Retirement Myths


Forbes Magazine featured a recent article, “Five Retirement Myths Worth Changing”, that shows how retirement isn’t what it used to be, and goes on to debunk some of our dearly-held retirement myths.

Most of us played by the rules: got ourselves educated and/or trained for gainful employment, showed up for work at least 5 days a week for 30 – 40 years, raised our children to be responsible citizens, kept our lawns watered and mowed, painted our house when needed, made friends with the neighbors, got involved with community issues, and now look forward to a leisurely retirement, starting at 65, is not sooner. Think again, fellow Boomers.

This article may come as a shock. Or not.

If you’ve been paying even a modicum of attention to the political debates and harangues on Medicare and Social Security, you’ve probably anticipated much of what this article lays out. It’s not a pretty picture. However, it does us to good see it in print, and hear about it from the foremost expert on the aging of America, Psychologist, Author and Retirement Guru, Ken Dychtwald.

He warns that Baby Boomers aren’t saving enough for retirement; Only 7% of workers have a guaranteed pension; One–third of Baby Boomers will end up in poverty.

Here are some retirement myths that need overhauling:
1. The Linear Life Plan: i.e, you prepared for a career, got a job and family, retire, and go on cruises.
2. The Old Retirement Definition: After the requisite number of years you get your gold watch and go home to watch the grass grow.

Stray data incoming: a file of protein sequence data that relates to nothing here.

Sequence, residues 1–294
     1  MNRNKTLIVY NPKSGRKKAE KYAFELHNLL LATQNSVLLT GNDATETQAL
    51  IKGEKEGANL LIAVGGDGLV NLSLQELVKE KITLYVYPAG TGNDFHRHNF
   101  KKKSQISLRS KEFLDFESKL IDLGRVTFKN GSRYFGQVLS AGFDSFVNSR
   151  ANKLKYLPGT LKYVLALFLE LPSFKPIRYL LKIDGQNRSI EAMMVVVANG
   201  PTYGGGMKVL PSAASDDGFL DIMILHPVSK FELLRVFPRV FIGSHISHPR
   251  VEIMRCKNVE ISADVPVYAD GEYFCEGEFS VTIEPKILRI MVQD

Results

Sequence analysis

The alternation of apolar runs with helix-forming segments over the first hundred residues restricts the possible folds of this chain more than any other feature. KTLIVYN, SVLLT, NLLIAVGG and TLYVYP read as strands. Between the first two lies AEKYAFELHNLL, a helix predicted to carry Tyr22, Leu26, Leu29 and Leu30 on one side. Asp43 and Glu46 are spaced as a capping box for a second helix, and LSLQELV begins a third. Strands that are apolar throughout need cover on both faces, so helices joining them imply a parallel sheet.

3. The Disengagement Policy: Upon retirement, you ride off into the sunset in your RV or sailboat and never look back.
4. The Static Financial State: Your retirement funds are firmly in place to see you through the rest of your days.

If you’re typical, none of these may apply in the 21st century. You’ll want to read the article to find out why, and what to do about it.

Dychtwald says, “If you’re the most successful one in your family, you’ll be the bank (for your less well-off siblings).” He advises that we reinvent ourselves and scrap the notion of a “do-nothing retirement” at 65.

A recent documentary on PBS’s FRONTLINE, titled “The Retirement Gamble” on the 401(k) experiment, advised that we:
1. Endeavor to keep our total investment fees at less than 1%.
2. Use Index Funds, which are slow and steady, rather than “actively-managed” funds, which can fluctuate wildly.
3. Use a provider that agrees in writing to act in your company’s 401(k) plan’s best interest.

Another Forbes article, this one by Stuart Robertson, on the PBS program — “The Retirement Gamble”, subtitled, “Will your IRA or 401(k) accounts ensure a safe retirement?” — can be read at:

This well-worth-watching documentary may be viewed at:

In a related article, financial planning expert, Rebekah Barsch from Northwestern Mutual, talks about the 4% Rule (withdraw 4% of your retirement fund per year), which was established in the early 1990s and based on retirements lasting 30 years maximum. People live longer now, so retirement lasts longer. She says, “There’s now a chance of 1-in-10 that you or your spouse will live past 100.” The 4% Rule requires that we die within a specified time period. She gives other reasons the 4% Solution no longer works. Read her article at:

Read the rest of “Five Retirement Myths Worth Changing” for more information.  Here’s the link:


Watch for future articles on retirement planning, and tips on locating a trustworthy Retirement Advisor.



Tags: , , , , , , , , , , , , , , , , , , , , , ,